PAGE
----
Expert: China's food security under control despite pressures, but more measures needed
Updated 07:24, 08-Aug-2020
By Wu Zheyu

China's task to feed a country of over 1.4 billion people was made harder when the country's agricultural production was hit by both the coronavirus pandemic and the catastrophic floods in southern China.

But an expert said Friday that China's food security outlook still remained "good" though some concerns remain, and called for more supportive measures to help farmers that have come under pressure from these two natural calamities.

Fan Shenggen, chair professor at China Agricultural University and former director-general of the International Food Policy Research Institute, told CGTN that he was cautiously positive that the autumn harvest crop – which usually makes up nearly 80 percent of China's total crop output – will be adequate. August 7 marks the beginning of autumn on Chinese lunar calendar.

"I think the floods have not affected the rice production much and the main structure of grain production would continue to be good. While I'm still more worried about the vegetables and meat products, these are areas where we should really put incentives to make sure that producers have access to seeds, to markets and so on."

"So in general, I think the situation looks good, but uncertainties continue to exist in sectors mentioned above," Fan said.

The year 2020 marks a hard year for both farmers and food consumers around the world. The United Nations' Food and Agriculture Organization (FAO), which tracks food prices, had found that prices had been falling for four consecutive months since the start of the year, as food supply was slow to adjust to the pandemic's sharp hit to demand. On Thursday, the FAO said that food prices have risen for a second consecutive month in July as demand and supply stabilized.

Pandemic and floods impacted food supply

Similarly, China's agricultural production has been under pressure since the coronavirus outbreak began earlier this year. The massive floods in Southern China, including China's top livestock and rice-producing regions, hit local farmers and residents hard in the south since early June.

The country's grain output growth slowed in July, compared with a year ago. China's summer grain production was 142.8 billion kilograms, up 0.9 percent year on year, which is just half of the growth rate in the same period last year, according to data from the National Bureau of Statistics.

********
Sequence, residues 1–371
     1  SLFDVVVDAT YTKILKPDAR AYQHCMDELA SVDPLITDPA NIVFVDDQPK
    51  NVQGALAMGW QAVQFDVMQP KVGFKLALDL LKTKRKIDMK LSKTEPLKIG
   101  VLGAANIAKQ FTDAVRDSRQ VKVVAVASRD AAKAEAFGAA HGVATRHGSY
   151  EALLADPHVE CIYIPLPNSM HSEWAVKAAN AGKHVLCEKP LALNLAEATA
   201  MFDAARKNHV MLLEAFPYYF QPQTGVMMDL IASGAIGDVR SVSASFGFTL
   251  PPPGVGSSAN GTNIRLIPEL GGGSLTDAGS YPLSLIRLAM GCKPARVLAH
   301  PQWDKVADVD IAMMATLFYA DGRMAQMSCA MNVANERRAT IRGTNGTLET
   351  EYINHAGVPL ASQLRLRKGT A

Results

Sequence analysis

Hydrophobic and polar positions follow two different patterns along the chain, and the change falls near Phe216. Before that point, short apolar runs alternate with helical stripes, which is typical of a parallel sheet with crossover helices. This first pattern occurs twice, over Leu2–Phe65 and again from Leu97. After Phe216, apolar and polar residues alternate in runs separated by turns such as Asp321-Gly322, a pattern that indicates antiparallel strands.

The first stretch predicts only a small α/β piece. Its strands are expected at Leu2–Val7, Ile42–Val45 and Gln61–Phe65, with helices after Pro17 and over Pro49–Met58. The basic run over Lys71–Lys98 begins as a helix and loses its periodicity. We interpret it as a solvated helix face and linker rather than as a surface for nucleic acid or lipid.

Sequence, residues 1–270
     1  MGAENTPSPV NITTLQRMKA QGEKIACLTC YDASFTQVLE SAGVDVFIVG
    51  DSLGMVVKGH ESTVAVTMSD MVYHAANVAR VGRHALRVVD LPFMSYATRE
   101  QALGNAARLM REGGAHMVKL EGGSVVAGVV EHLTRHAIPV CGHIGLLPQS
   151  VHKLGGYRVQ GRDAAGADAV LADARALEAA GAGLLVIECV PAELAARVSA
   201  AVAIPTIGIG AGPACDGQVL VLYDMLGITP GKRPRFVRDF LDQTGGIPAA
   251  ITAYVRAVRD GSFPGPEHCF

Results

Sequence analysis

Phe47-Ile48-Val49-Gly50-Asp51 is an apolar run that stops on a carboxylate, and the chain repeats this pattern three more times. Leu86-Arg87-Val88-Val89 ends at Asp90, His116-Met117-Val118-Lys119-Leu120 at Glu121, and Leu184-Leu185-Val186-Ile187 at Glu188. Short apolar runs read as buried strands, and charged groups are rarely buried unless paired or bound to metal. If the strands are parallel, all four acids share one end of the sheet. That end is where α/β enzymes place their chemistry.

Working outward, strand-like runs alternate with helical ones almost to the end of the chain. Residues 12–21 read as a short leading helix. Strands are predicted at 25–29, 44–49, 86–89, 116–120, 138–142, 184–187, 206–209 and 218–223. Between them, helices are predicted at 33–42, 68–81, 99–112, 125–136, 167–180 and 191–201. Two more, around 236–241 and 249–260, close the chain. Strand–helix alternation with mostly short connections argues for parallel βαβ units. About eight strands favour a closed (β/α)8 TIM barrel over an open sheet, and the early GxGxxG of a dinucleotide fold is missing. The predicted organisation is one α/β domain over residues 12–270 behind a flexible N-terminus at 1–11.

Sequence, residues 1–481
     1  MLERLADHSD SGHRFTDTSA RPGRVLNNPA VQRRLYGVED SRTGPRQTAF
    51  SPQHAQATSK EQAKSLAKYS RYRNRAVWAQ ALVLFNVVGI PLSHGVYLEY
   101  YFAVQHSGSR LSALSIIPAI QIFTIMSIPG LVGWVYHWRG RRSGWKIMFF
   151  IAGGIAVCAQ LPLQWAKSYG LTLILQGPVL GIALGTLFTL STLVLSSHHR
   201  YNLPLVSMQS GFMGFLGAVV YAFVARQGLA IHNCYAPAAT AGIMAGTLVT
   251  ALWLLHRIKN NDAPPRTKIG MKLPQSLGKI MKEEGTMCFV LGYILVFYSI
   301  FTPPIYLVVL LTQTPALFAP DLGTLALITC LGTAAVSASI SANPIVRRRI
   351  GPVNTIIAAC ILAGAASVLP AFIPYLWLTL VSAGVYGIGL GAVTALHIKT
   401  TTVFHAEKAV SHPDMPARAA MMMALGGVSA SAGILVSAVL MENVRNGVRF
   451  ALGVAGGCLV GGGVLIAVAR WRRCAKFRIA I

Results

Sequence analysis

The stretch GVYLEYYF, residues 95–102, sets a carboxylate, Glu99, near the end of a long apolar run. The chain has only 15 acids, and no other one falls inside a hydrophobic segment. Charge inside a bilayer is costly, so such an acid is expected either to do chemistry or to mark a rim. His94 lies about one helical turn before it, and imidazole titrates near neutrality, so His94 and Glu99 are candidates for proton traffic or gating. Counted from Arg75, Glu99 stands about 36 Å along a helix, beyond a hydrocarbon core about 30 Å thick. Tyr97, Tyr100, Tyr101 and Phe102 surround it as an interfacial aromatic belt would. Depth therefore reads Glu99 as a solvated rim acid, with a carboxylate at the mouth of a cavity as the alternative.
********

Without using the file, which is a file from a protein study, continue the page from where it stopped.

Asked if both the pandemic and floods affected China's food prices and summer harvest volumes, Fan said "Yes".

"The food prices have already gone up, particularly vegetables. COVID-19 obviously drove up prices very high in February and March. So by April and May, food prices had resumed normally. But the floods in the Southern part of China have further increased food prices in June," said Fan.

'Measures needed to ensure crop and livestock output'

China has been able to increase its grain output despite floods submerging large swaths of farmlands in its grain-production areas. Although the country's sowing areas in the summer season declined compared to last year, the latest data showed that the per unit area grain yield has improved and contributed to the overall stable production of grains.

China's Ministry of Agriculture and Rural Affairs has repeatedly vowed to make sure that the country would guarantee at least 650 billion kilograms of grain production a year.

At the 13th National People's Congress in May, Agriculture Minister Han Changfu assured the population that there would be no food crisis. "The grain has a good harvest for the last few consecutive years, the stock is abundant and food security is ensured."

China's National Development and Reform Commission also said that China would draft and carry out in 2020 a response plan for ensuring food security amid the global coronavirus pandemic. Chinese authorities have urged state and private firms to boost inventories of major agricultural products like soybeans and corn to prepare for any further disruptions from the pandemic.

'There won't be a food crisis'

An analysis by Xinhua News Agency attributed the achievement to the improvement of agricultural production efficiency. The article pointed out that over the past decade, the number of migrant workers in China has increased from 242 million to 291 million, many of whom have rented their farmland to professional agricultural producers cooperatives, stitching small patches of farmland that used to be cultivated by different families into large professional farms that are now managed in accordance with modern agricultural production methods.

The Xinhua article further suggested that the floods indicate the country should continue to increase its input in agricultural water conservancy projects, as well as other infrastructure related to rural areas, and into research and development of agricultural science and technology while giving full play to big-data technology and e-commerce to further improve the production efficiency of agriculture. Such inputs are a strategic investment to guarantee the country's food security and social stability.

Fan echoed these suggestions, adding that more supportive measures are needed to ensure food security and minimize disruptions to food supplies during pandemic and floods.

"So the government has provided support to resume food production, which is great. But in the meantime, I think more needs to be done, particularly for those poor consumers. How can they afford nutritious and healthy foods, particularly after the pandemic? So the government must do more, particularly in the central part of China, which has been affected twice by COVID19 and floods," Fan said.